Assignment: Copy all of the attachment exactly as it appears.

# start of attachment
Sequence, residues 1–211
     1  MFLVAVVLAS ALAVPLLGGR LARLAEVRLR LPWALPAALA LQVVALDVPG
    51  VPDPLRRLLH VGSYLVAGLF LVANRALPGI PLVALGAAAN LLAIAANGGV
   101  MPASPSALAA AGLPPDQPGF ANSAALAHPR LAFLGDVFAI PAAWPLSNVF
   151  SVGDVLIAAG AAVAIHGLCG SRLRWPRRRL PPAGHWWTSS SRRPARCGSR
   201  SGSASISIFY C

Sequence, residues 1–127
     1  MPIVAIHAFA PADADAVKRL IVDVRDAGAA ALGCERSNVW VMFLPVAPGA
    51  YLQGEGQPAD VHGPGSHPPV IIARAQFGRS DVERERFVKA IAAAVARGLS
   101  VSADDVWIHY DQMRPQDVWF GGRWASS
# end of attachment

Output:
Sequence, residues 1–211
     1  MFLVAVVLAS ALAVPLLGGR LARLAEVRLR LPWALPAALA LQVVALDVPG
    51  VPDPLRRLLH VGSYLVAGLF LVANRALPGI PLVALGAAAN LLAIAANGGV
   101  MPASPSALAA AGLPPDQPGF ANSAALAHPR LAFLGDVFAI PAAWPLSNVF
   151  SVGDVLIAAG AAVAIHGLCG SRLRWPRRRL PPAGHWWTSS SRRPARCGSR
   201  SGSASISIFY C

Sequence, residues 1–127
     1  MPIVAIHAFA PADADAVKRL IVDVRDAGAA ALGCERSNVW VMFLPVAPGA
    51  YLQGEGQPAD VHGPGSHPPV IIARAQFGRS DVERERFVKA IAAAVARGLS
   101  VSADDVWIHY DQMRPQDVWF GGRWASS